A railway magnate and engineer offered to display his collection of art during an important event in Dublin in the early 1850s.
The popularity of this section of the 1853 Great Industrial Exhibition in the backyard of Leinster House was immense. So much so that it was decided to establish a permanent public art collection.
A lawyer named John Edward Pigot (1822–1871) was the main figure in establishing the museum in 1854 and it first opened its doors to the public in 1864.
The National Gallery of Ireland building looks very similar to that of the National Museum of Ireland. This museum focuses on Irish history and is located just south of it in central Dublin.
The collection started with just 112 paintings but has been constantly expanded during the 19th, 20th, and 21st centuries. The most recent expansion of the building was the Millennium Wing which opened in 2002.
Today, it features an extensive collection of both Irish and European painters. In this article, you’ll discover some of the most famous paintings at the National Gallery of Ireland.
1. The Taking of Christ – Caravaggio
- Date created:
The Taking of Christ is a painting by Caravaggio that depicts the arrest of Christ shortly after the last Supper. It’s one of the most important moments in the Passion of Christ, the events that lead up to Jesus’ crucifixion and resurrection according to both the Old and Ne Testaments.
Michelangelo Meris da Caravaggio (1571-1610) was a master of chiaroscuro, the use of light and shadow. He showcased his talent in this remarkable work of art by integrating two light sources that highlight the figures and elements. The man holding the chandelier on the right is believed to be a self-portrait of the artist.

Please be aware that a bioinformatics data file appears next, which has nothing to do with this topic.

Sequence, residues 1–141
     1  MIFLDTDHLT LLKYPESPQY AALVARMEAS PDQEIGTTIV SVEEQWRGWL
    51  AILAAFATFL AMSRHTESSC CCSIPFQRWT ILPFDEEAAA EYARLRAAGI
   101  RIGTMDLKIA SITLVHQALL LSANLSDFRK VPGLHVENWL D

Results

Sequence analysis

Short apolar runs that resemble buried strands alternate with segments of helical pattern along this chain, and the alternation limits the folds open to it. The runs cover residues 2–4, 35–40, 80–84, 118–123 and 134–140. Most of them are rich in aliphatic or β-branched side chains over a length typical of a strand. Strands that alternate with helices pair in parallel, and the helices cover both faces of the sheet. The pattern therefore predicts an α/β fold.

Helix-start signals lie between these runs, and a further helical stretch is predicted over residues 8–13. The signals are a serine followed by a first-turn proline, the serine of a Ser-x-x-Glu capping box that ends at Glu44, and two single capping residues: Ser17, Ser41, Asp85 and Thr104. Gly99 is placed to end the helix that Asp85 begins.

2. Sts Cosmas and Damian and their Brothers surviving the Stake – Fra Angelico
- Date created: 1439-1442
- Dimensions: 37 x 46 centimeters (14.5 x 18.1 inches)
Sts Cosmas and Damian and their Brothers surviving the Stake is a remarkable work of art by Fra Angelico (1395-1455), an Italian artist from the Early Renaissance. Although he’s mainly known for his frescoes in Florence, he also produced a large number of panel paintings including this tempera and gold leaf work.
This scene depicts one of the tortures endured by 5 brothers from Asia Minor during the Christian persecution of Emperor Diocletian. The 5 Christians were burned at the stake but miraculously survived. It was in vain because the Roman Emperor had them all beheaded after a series of brutal tortures.
3. Lady Writing a Letter with her Maid – Johannes Vermeer
- Date created: 1670-1671
- Dimensions: 71.1 × 60.5 centimeters (28 × 23.8 inches)